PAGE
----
Monday, 22 September 2014

Can Nanoscience Improve the Quality of Wine?

Developments in nanoscience have apparently shown researchers a way to improve the quality of wine, Ideal Wine Company learned this week. Is that really possible?

How to Arrive at the Right Balance of Flavours
Through supplying fine wines at reasonable prices, Ideal Wine Company has learned how much work goes into creating a luxury vintage. Growers often need to control the number of processes involved in developing wine extensively, to arrive at the right balance of flavours.

This is often a tricky thing to do, especially, when trying to develop the appropriate astringency, which is the drying sensation that is supposed to accompany a sip of wine. Well, measuring astringency just became a whole lot easier thanks to the development of a device by nanoscience specialists.

New Device Capable of Measuring Astringency
According to, researchers at Aarhus University’s Interdisciplinary Nanoscience Centre (iNANO) have created a sensor capable of measuring the astringency of wine in your mouth as you take a sip.

Basically, the sensor in a way is a mini-mouth that is able to take the salivary proteins in your mouth, and use them to figure the nature of the sensation that occurs when you take in a sip of wine. The researchers are then able to figure out how the proteins alter the saliva when they interact with the wine, and can thus use these observations to describe the effect that particular wine is having on the person drinking it.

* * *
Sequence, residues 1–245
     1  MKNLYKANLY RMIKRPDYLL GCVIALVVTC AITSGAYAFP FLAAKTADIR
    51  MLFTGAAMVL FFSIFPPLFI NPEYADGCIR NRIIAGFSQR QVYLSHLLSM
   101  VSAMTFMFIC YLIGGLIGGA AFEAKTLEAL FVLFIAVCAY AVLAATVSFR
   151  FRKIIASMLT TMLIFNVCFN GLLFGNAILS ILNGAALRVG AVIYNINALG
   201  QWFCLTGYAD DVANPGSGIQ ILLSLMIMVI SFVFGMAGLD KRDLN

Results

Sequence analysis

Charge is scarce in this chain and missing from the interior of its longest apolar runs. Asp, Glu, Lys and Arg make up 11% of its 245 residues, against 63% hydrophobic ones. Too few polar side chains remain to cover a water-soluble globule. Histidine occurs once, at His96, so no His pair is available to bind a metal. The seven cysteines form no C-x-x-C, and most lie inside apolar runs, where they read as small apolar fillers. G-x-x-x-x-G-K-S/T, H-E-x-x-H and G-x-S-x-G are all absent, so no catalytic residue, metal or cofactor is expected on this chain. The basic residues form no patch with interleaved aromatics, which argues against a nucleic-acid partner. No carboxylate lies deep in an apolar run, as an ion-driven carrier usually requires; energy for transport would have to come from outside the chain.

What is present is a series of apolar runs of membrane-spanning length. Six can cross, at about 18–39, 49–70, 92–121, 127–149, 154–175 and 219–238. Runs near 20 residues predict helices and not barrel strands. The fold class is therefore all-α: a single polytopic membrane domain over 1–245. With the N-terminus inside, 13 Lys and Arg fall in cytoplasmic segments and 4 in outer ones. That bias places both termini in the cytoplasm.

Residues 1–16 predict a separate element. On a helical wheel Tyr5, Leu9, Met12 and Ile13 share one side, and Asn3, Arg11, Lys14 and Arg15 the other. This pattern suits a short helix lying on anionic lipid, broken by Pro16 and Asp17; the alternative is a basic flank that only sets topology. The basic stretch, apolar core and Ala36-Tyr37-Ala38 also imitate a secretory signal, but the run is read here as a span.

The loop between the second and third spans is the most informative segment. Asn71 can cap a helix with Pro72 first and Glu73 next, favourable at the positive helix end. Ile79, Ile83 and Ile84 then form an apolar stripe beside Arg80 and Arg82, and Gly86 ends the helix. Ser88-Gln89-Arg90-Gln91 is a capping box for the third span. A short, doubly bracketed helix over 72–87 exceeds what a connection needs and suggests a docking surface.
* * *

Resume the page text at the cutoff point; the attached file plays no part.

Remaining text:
“If it Doesn’t Work, People Won’t Drink Wine.”
The potential of such a sensor is enormous. It basically gives wine producers the capability to control astringency as they go, something they’ve never been able to do before, to ensure they are able to create a quality bottle of wine.

Joana Guerreiro, a PhD student who contributed to a scientific article on the sensor, explained why this is important. She said that “when you produce wine, you know that the finished product should have a distinct taste with a certain level of astringency. If it doesn't work, people won't drink the wine."

Quality Control Benefits Consumers
And that is why this nanoscience sensor really does have the potential to improve wine. Astringency is vital to quality, and by being able to measure it, producers can make sure that said quality remains consistent, which will in turn benefit consumers.